Some districts are also installing Wi-Fi-enabled vape detectors. This new form of technology has been adopted by schools in Maryland, Virginia, Pennsylvania, New Jersey, Arizona and Illinois. The sensors are placed in bathrooms and resemble smoke detectors. They are designed to detect e-cigarettes vapor by measuring changes in humidity and air content. Dublin City Schools has considered these devices but has made no determinations regarding them at this point in time.
Central Ohio School Districts
Many districts in Central Ohio are considering proactive measures for all students with a focus on health and addiction rather than on strict disciplinary repercussions.
Many schools understand the vital importance of educating parents about vaping. In Dublin City Schools, the annual Parent University program includes opportunities to educate parents about the dangers of vaping. This course taught by long time Dublin Coffman High School principal and now Superintendent of New Richmond Schools, Tracey Miller, focused on every aspect of vaping including a “show and tell” of a Juul, which is a brand of e-cigarette, where parents can see how it can be concealed anywhere because it is about 4 inches long and looks like a flash drive. Additionally, Miller’s demonstration includes a presentation on how vaping works to see how the vapor dissipates quickly leaving a faint pleasant smell depending on whether the flavor is grape or watermelon or one of the myriads of kid-friendly flavors.
Dublin City Schools has been conducting student vaping awareness/intervention workshops since the beginning of last school year.
Due to the rise of vaping among teens, Dublin City Schools developed an educational workshop specific to vaping by students along with their parent/guardian. Data collected through the 2017 OHYES! survey showed 11.6% of Dublin Schools students in grades 7-12 had vaped within 30 days of completing the survey, up from 9.2% of students in 2015. In addition, code violations for vaping have been on the rise over the past year. In response, staff members provide a monthly workshop specific to building awareness and providing intervention for students who have been recommended to participate.
This strong school to parent communication and commitment to education on these issues continues all through the year with leaders like Kathy Harter at PERC and Sue Hutrus at The Dublin A.C.T. Coalition. Both important community partners in prevention and education efforts.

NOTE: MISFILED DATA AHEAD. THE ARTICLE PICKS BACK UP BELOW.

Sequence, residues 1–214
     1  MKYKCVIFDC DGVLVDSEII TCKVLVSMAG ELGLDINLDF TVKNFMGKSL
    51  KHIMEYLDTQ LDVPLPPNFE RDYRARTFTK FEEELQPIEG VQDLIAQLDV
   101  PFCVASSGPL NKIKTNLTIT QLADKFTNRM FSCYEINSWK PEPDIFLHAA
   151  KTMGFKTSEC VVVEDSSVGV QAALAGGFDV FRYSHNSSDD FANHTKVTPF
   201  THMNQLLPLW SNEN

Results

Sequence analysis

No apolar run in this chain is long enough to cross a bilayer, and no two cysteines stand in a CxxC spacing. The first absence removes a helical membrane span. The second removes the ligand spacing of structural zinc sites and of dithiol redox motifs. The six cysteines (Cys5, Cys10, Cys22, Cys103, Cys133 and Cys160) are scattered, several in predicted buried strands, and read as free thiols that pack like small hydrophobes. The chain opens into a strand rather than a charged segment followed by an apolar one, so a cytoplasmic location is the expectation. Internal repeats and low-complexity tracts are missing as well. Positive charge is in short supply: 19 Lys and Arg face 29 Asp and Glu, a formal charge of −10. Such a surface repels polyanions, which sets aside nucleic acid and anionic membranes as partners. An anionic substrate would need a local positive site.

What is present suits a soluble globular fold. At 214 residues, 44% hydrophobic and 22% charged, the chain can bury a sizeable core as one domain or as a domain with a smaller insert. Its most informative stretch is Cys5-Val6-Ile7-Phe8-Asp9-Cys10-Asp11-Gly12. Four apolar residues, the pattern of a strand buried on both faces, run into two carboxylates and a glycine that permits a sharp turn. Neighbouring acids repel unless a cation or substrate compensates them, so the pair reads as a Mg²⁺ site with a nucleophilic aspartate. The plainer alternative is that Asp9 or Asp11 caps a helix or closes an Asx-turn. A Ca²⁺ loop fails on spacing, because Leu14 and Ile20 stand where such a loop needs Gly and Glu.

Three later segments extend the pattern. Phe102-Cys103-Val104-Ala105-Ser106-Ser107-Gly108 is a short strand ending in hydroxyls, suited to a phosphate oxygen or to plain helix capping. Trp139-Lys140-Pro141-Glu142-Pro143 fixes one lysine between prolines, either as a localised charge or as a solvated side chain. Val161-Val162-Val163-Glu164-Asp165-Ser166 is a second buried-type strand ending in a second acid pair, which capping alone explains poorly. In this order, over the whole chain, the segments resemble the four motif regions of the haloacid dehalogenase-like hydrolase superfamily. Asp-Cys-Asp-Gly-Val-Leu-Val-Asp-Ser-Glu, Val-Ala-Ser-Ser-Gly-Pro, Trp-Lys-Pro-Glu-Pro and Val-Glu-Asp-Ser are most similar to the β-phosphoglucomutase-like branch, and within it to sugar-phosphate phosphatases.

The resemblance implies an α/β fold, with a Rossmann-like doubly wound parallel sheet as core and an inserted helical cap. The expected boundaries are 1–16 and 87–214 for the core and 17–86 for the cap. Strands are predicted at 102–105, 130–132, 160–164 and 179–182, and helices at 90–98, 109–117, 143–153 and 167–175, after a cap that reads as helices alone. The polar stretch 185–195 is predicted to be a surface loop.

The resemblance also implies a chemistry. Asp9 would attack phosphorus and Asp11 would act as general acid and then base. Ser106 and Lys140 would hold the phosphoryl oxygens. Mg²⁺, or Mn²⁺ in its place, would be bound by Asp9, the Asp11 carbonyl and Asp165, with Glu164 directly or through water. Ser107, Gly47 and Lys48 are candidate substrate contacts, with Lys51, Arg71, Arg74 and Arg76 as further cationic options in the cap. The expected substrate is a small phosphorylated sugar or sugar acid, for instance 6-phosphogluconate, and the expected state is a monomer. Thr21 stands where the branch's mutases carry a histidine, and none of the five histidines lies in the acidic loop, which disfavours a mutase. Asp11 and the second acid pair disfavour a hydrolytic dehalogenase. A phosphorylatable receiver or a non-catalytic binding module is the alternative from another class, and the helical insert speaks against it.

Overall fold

Peer to peer interactions are also very important. In Dublin, we have groups in school (Teen Institute) and out of school (Dublin A.C.T.), that address vaping. The students in these groups, both middle school and high school, provide education and prevention but not intervention.
This year, Dublin Scioto is going to be doing an anti-vaping initiative in the school starting second quarter and it involves students creating signage and PSAs for morning announcements. Being that it is student-created/student-led, we are hoping for some positive effects and a different perspective.
“As a school district, we use education in classrooms, such as health class, educational talks/trainings for teachers, informational sessions for parents, and prevention and intervention services through our substance use counselors,” George said. “Education and linking with kids to get them the services and help they need takes precedence over solely disciplining them.”
These examples show that more education and counseling on the dangers of vaping, as well as preventative measures, need to be included in schools in order to tackle the rising vaping epidemic among teenagers.
Most importantly, schools and parents must be consistent in their message. At home, a most effective deterrent is to talk regularly with your teenagers about the dangers of alcohol, tobacco, or other drugs. These discussions help to diminish the possibility of use and addiction.
We encourage our parents with questions to call Dublin City Schools Substance Use Counselor Dr. Georgiann Diniaco at 614-765-5950.